Like Abraham trudging up the hill to Mt. Moriah, we have been fooled into believing that the only way to appease the angry and demanding gun-god is by accepting that our children must be sacrificed. We unquestioningly believe in the ritual practice of manufacturing more and more guns. We continue to give unfettered access to these weapons so they can be used as “protection.” But, in fact, the opposite is true. The more guns we produce and sell, the more people who have them, the more children who are sacrificed.
In the Genesis story, Abraham and Isaac begin their final walk to the site of sacrifice. Isaac’s mind must have been racing, the weight of the wood on his shoulders, the weight of the pit of his stomach as he looks around for the sheep. If Isaac is old enough to carry the wood, he is old enough to understand what is happening. Finally he asks, “Father, the fire and the wood are here, but where is the lamb?” His question must have brought Abraham to tears; Abraham can barely answer the boy. He simply says, “The Lord will provide the lamb.”
When I talk to my five-year-old son Hill about the school shootings that happen nearly every single week of the academic year, I am reminded of Isaac’s words. Hill nearly always asks me, “Mommy, will bad guys come to my school?” And each time he says this I hear him asking, “Mommy, am I the lamb to be sacrificed?” It always brings me to tears and like Abraham I can barely choke out my answer, “I pray that it won’t. I pray that God will provide, but I just don’t know.” I should not be scared to send my child to elementary school in August and yet I am because children have become something worth sacrificing so that our country can continue bearing arms.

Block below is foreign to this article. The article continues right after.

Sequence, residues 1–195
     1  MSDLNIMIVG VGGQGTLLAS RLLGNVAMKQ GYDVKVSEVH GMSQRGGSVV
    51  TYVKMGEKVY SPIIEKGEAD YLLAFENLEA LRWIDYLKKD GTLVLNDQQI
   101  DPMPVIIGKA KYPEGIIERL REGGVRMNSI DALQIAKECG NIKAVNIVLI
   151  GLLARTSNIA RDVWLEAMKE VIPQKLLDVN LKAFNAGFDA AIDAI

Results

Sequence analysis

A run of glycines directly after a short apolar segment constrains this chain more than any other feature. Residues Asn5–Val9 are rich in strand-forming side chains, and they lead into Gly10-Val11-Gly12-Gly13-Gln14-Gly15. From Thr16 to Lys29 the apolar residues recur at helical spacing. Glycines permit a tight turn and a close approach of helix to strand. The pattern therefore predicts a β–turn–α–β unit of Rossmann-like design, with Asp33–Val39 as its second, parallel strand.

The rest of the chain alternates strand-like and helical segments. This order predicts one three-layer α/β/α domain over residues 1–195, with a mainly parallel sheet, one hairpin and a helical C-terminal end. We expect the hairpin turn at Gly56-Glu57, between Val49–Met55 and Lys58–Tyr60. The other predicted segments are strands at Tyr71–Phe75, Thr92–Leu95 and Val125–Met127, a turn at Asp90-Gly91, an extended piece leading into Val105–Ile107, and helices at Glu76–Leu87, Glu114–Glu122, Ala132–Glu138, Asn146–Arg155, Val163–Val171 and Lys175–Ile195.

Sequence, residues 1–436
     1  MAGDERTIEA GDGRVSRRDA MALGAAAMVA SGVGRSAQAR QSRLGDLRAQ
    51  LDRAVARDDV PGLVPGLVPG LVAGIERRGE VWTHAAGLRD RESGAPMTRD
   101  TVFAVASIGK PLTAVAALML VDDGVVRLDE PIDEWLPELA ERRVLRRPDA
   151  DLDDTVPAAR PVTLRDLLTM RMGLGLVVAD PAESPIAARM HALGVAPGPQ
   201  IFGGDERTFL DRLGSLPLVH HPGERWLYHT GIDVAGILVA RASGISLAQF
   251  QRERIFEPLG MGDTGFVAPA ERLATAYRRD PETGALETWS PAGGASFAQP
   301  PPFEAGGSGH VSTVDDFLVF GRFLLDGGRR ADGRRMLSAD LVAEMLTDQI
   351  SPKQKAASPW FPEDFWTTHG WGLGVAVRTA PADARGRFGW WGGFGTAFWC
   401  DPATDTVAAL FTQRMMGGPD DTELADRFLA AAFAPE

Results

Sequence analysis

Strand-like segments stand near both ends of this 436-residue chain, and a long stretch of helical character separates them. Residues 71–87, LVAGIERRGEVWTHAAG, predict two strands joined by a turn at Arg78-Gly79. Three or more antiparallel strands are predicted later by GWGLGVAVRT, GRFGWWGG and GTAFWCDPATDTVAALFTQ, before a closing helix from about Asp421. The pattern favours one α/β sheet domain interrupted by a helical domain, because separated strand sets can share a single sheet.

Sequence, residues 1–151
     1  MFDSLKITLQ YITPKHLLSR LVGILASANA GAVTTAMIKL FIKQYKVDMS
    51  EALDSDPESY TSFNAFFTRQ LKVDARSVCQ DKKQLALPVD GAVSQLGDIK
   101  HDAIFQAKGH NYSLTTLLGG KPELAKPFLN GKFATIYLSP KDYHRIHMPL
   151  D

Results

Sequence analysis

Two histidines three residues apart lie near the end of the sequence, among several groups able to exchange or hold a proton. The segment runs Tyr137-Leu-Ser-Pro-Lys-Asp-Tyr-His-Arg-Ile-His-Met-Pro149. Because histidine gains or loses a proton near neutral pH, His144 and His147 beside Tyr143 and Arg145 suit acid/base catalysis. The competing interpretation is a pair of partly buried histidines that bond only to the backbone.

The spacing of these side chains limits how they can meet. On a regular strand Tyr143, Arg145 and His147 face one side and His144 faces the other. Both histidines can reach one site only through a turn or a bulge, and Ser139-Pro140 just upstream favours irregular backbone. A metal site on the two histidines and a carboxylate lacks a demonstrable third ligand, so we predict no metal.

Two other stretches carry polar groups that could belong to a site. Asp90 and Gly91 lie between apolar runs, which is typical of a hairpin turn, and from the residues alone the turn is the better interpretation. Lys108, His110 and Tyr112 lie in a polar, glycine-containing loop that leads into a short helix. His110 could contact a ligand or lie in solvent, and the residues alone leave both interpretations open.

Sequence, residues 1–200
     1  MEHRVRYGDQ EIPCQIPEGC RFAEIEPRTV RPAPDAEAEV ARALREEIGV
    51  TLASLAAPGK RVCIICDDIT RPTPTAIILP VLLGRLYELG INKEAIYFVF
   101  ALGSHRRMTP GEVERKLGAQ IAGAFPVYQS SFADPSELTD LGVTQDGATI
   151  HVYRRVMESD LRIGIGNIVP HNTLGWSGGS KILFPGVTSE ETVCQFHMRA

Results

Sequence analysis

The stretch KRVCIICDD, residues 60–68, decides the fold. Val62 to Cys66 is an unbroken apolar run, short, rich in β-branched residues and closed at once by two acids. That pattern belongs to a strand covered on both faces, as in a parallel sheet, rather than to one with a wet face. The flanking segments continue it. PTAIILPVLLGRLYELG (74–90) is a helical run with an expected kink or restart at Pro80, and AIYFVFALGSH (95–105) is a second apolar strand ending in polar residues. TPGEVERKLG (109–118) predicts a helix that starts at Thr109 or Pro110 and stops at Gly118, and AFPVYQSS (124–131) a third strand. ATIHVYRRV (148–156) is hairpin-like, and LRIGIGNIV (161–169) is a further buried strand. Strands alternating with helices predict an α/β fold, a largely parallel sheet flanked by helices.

God’s question was not “would Abraham be prepared to sacrifice his child,” but “for what would Abraham be prepared to sacrifice his child?” And surely that is the question of us, too. What are we willing to sacrifice to continue in this relationship with God? What are we willing to sacrifice to continue in relationship with all the other gods in our life?
The story of the binding of Isaac teaches us that God does not demand the blood of children. God tell us not to sacrifice our children. Not now, not ever. When the voice of the Lord, the God of justice and compassion, cries out, “Do not lay your hand on the boy or do anything to him” Abraham responds in obedience and faithfulness. And that is where this story is calling us today: to be faithful to God and to our children by refusing to sacrifice them to the gods to whom everyone else is sacrificing their children. When the gods of guns, war, greed and selfish ambition demand that we sacrifice our children, we must have the courage and integrity to resist them. We must instead obey the voice crying out, “Stop! Do not lay a hand on the child.” We are called to choose — to choose between a God of violence and a God who comes to us embodied in a child.